The economic crisis has changed the fundamentals in Greek politics. PASOK, which defined itself according to its relationship with the right and left, has lost its bearings. Following the economic policies it implemented in 2010 and 2011, in the eyes of most voters it cannot claim to be an opponent of neo-liberalism or a genuine part of the left, which is now represented by four parties if you count Social Pact, formed by PASOK outcasts Louka Katseli and Haris Kastanidis last week. But the crisis has not just taken a toll on PASOK. New Democracy, which has competed with PASOK for the decisive middle ground voters since the 1980s, has also hit a brick wall. Despite its opposition to austerity over the last two years, it made absolutely no progress. Over the last couple of months, polls have shown the conservatives’ support slipping.
In the past, PASOK and New Democracy would be able to give themselves a shot in the arm with a change of leadership or a cranking up of the partisan rhetoric but this won’t work anymore. The system has become too fragmented for them to draw new energy. Polls project that as many as nine parties, as opposed to the usual five or six, will make it into Parliament. But the reality is that nine parties are already represented in Parliament as a result of splits and oustings. The recent creation of Social Pact and Independent Greeks by ND rebel Panos Kammenos are confirmation that the established political system is eating itself. The proliferation of new parties is undermining New Democracy and PASOK, which in the past could always count on the unflinching support of the masses. The presence of Social Pact, Independent Greeks, the centrist Democratic Alliance and the Democratic Left at these elections will spread the support out much more thinly.
This won’t be the death knell for PASOK and ND just yet because between them, the big two should get enough support to form the next government. But in what would be a supreme irony, the coming together of the architects of Greece’s post-junta political edifice is also likely to signal its destruction. This coalition government will have to impose further austerity measures (some 12 billion euros of savings are needed in 2013 and 2014) and will have to manage the deepening of the recession as well as the growing skepticism of Europeans who are starting to face their own growing economic problems. In this fraught atmosphere, two parties and two leaders — Venizelos and Antonis Samaras — that have no appetite for cooperation will be called on to work together. It is likely to break them. While Venizelos might be able to call on the experience of the last few months to weather the storm, the much more brittle Samaras will find it more difficult to keep his party together. The right-wing of ND is likely to feel great discomfort at having to put its name to new rounds of austerity, especially when Kammenos and Giorgos Karatzaferis, the leader of the nationalist Popular Orthodox Rally (LAOS), will be on the responsibility-free outside, aiming populist vitriol at those in the government tent.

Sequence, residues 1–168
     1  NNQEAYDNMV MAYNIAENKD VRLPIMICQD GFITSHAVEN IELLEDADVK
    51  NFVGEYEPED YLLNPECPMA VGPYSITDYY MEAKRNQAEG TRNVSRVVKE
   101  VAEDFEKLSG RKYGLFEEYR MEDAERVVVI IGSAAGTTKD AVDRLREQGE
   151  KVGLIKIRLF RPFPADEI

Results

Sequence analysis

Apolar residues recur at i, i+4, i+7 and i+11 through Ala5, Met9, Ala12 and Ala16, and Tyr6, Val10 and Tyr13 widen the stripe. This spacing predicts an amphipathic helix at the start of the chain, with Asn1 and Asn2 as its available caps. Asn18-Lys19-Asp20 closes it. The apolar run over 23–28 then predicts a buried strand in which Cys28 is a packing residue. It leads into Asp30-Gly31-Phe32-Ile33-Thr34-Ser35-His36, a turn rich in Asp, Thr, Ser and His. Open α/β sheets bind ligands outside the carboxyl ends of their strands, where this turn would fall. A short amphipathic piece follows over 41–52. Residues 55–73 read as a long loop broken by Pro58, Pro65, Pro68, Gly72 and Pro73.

If this is the case, then Venizelos could find himself as the last man standing again. Only by this time, it’s likely that Greece will begin to see the rise of new, non-partisan political movements that will represent the break with the past which many Greeks want. Such a development could consign PASOK and ND to history’s scrapheap as this will be a powerful, momentum-gaining force to contend with. It will be a huge task for Venizelos’s PASOK to regain its relevance in this environment. However things play out over the months to come, one thing’s for certain: Venizelos won’t ever run unopposed in an election again so he may as well enjoy Sunday’s victory — as hollow as it may be.